Shares in British lenders rose today, after results of a Bank of England stress test showed all the banks it tested had passed.
Shares in Lloyds rose 2.8 per cent to 75.01p in early trading, while HSBC rose 1.4 per cent to 537.2p and Barclays rose 2.5 per cent to 228.75p. RBS and Standard Chartered, which were both flagged for "capital inadequacies", rose 2.2 per cent to 309.1p and 1.9 per cent to 567.7p respectively.
"The banking sector generally seemed buoyed by the fact there were no failures this time around and, combined with a set of commodity stocks lifted by the not-good but not-bad either Chinese manufacturing data, allowed the FTSE to jump 50 points at the open," said Connor Campbell, financial analyst at Spreadex.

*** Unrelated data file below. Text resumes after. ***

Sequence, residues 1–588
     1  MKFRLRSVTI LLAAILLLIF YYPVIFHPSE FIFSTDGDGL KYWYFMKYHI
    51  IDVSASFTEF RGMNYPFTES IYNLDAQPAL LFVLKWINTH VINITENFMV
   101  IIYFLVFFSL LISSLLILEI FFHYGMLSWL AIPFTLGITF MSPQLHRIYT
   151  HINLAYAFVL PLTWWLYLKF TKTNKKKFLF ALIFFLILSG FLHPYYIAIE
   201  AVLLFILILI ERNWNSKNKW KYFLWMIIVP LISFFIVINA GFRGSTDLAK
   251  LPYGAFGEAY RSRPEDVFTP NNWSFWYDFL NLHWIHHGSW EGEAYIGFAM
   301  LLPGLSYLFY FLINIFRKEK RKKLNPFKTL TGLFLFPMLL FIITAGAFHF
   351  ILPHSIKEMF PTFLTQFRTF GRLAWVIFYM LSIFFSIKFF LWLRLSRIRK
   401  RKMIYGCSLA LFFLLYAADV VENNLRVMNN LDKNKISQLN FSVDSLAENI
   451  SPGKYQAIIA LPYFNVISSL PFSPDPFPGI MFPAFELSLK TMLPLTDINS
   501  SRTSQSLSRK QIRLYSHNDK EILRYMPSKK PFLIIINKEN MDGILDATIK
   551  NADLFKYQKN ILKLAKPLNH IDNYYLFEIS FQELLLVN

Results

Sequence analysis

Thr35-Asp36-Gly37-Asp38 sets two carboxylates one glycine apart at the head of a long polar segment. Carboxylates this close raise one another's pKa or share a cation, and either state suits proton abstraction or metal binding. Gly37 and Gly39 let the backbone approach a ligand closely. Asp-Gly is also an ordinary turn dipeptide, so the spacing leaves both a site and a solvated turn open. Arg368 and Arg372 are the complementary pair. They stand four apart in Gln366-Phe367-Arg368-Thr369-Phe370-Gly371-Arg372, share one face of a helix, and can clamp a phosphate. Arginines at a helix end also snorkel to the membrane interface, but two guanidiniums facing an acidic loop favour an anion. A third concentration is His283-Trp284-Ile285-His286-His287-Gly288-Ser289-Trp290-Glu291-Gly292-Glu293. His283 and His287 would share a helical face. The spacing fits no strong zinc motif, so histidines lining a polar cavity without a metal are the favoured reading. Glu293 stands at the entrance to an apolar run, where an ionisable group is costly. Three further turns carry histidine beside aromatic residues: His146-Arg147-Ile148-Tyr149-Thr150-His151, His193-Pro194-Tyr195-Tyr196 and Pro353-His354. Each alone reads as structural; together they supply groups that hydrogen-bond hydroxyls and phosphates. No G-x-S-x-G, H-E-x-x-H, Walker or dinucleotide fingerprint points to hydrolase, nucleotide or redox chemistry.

However, there may be trouble ahead. The stress tests suggested banks may face higher capital reserve requirements, after the Bank of England hinted it may raise the so-called countercyclical buffer from its current rate of zero per cent.
The decision would be a "a pre-emptive move to build up additional loss-absorbing capacity before risks to the financial system rise again," said Daiwa Capital Markets analysts.
"As such, an increase in the countercyclical capital buffer requirement, probably a quarter of a percentage point, early next year looks firmly on the cards."